11. 11. <ul><li>The Commonwealth Government Office of Gene Technology Regulator (OGTR) </li></ul><ul><li>has approved the cultivation </li></ul><ul><li>of GM canola by Monsanto, </li></ul><ul><li>under State Moratoria </li></ul><ul><li>In Victoria, the legislated </li></ul><ul><li>Moratorium on commercial </li></ul><ul><li>GM crops was removed in 2008 </li></ul><ul><li>(FSANZ, 2007; NACMA, 2007 and ASF, 2007) </li></ul>Australian Legislation (1)
  12. 12. Australian Legislation (2) <ul><li>Seed labeling is compulsory if the genetically modified traits in canola are over </li></ul><ul><li>0.5% for seeds used </li></ul><ul><li>for sowing and over </li></ul><ul><li>0.9% for grain </li></ul><ul><ul><li>Cut-off for unintentional </li></ul></ul><ul><ul><li>contamination </li></ul></ul><ul><ul><li>( NACMA, 2007 and ASF, 2007) </li></ul></ul>
  13. 13. Detection Methods <ul><li>DNA based methods to detect foreign DNA </li></ul><ul><ul><li>Competitive PCR </li></ul></ul><ul><ul><li>Real time PCR </li></ul></ul><ul><ul><li>Microarray </li></ul></ul><ul><li>Protein based methods to detect novel protein </li></ul><ul><ul><li>ELISA </li></ul></ul><ul><ul><li>Strip (Gonzalez, 1999; Rajeevan, 2001) </li></ul></ul>
  14. 14. DNA Based Methods <ul><li>Highly sensitive </li></ul><ul><ul><li>Can detect trace amounts of transgenic DNA </li></ul></ul><ul><li>Work with most product types </li></ul><ul><ul><li>Processed and unprocessed products </li></ul></ul><ul><li>Can test simultaneously multiple GM varieties </li></ul>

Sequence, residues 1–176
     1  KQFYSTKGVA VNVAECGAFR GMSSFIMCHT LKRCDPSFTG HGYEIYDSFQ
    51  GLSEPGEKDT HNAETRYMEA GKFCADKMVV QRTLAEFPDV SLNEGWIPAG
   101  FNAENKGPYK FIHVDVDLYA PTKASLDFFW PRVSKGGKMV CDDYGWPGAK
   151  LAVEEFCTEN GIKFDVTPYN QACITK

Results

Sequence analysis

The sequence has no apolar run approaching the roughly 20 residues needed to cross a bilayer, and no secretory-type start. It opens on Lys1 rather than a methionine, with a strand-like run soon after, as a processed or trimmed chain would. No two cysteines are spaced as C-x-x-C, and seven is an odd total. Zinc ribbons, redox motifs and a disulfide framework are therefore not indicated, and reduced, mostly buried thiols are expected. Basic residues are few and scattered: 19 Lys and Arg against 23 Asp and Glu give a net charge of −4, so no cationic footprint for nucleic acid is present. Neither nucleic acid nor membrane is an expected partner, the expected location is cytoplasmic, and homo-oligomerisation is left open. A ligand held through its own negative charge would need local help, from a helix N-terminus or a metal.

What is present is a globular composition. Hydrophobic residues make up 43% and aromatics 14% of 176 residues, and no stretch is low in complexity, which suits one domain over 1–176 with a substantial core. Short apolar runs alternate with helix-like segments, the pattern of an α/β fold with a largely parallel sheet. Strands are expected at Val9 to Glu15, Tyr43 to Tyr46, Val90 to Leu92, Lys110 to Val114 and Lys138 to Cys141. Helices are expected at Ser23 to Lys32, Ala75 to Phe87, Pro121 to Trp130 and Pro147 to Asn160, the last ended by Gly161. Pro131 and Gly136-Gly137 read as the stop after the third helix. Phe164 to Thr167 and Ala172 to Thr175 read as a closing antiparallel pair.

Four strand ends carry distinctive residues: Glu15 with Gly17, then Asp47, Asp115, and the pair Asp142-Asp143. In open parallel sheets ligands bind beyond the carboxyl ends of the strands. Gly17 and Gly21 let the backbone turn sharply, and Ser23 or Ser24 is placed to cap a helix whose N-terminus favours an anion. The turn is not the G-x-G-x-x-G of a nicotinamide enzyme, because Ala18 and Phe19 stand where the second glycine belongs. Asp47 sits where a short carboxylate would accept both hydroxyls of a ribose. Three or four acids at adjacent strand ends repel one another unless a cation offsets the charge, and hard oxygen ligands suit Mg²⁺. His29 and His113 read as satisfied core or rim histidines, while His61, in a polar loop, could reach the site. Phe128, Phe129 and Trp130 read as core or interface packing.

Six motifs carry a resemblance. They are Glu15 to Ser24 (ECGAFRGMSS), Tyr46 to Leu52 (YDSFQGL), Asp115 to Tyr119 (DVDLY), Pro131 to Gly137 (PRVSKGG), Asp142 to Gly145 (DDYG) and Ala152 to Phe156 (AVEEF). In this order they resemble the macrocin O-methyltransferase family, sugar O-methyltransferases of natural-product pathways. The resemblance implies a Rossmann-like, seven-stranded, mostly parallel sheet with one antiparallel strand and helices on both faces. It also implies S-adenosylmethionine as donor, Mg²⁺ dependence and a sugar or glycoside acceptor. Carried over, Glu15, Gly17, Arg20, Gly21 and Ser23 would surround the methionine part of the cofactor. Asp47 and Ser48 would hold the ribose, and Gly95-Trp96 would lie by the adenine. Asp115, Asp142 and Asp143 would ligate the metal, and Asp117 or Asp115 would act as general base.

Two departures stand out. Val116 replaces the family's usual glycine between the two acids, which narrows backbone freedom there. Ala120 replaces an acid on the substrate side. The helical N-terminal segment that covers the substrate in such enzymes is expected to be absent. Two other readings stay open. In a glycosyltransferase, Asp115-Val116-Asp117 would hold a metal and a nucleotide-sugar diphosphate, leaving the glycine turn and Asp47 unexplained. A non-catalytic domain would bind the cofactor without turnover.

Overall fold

15. 15. DNA Based Methods <ul><li>Takes a number of days to perform, typically 3-5 days </li></ul><ul><li>Requires highly skilled personnel and laboratory analysis </li></ul><ul><li>More expensive than Protein Based Methods </li></ul><ul><ul><li>(Rajeevan, 2001) </li></ul></ul>
  16. 16. Protein Based Methods <ul><li>Relatively cheap to perform </li></ul><ul><li>Rapid: 24 hours (ELISA) </li></ul><ul><li>Not very sensitive </li></ul><ul><ul><li>Concentration >1% of GM protein </li></ul></ul><ul><li>Not appropriate for some GM varieties </li></ul><ul><li>(Mullis, 1987) </li></ul>
  17. 17. Why real-time PCR? <ul><li>Recognised world-wide standard method for GMO quantification </li></ul><ul><ul><li>High Sensitivity, Specificity and Reproducibility </li></ul></ul><ul><ul><li>Rapid cycling, from 30 to 120 min </li></ul></ul><ul><ul><li>Permits numerical quantification </li></ul></ul><ul><ul><li>Not influenced by non-specific amplification </li></ul></ul><ul><ul><li>No post-PCR processing of products </li></ul></ul><ul><ul><li>Amplification can be monitored in real time </li></ul></ul><ul><ul><li>Similar cost to conventional PCR (Wang, 2005) </li></ul></ul>
  18. 18. Project Aims <ul><li>Optimization of the DNA extraction method to provide suitable DNA quantity and quality </li></ul><ul><li>UV Spectrometer - DNA purity, DNA concentration </li></ul><ul><li>Bioanalyzer - DNA fragmentation </li></ul><ul><li>Conventional PCR - Presence of the target event </li></ul><ul><li>Real-time PCR - Quantification of the transgenic canola </li></ul><ul><li>Validation of the method - Australian legislation </li></ul>
  19. 19. Justifications <ul><li>The method can be used: </li></ul><ul><ul><li>In Australian forensic arena on Judicial/Legal matters </li></ul></ul><ul><ul><li>To ensure when the canola seed samples require specific GM labeling in compliance with legislation </li></ul></ul><ul><ul><li>To protect consumer rights giving them the possibility to make informed product choices </li></ul></ul>
  20. 20. Project – Flow Chart ✔ ✔ ✔
  21. 21. Grinding of the Seed Samples <ul><li>Samples </li></ul><ul><ul><li>Certified Roundup Ready ® canola seeds </li></ul></ul><ul><ul><li>Certified wild type canola seeds </li></ul></ul><ul><li>Ground canola seeds </li></ul><ul><ul><li>Retsch 301 Mixer Mill </li></ul></ul><ul><ul><li>In this step it is important to </li></ul></ul><ul><ul><li>assure the homogenization of the sample ( </li></ul></ul>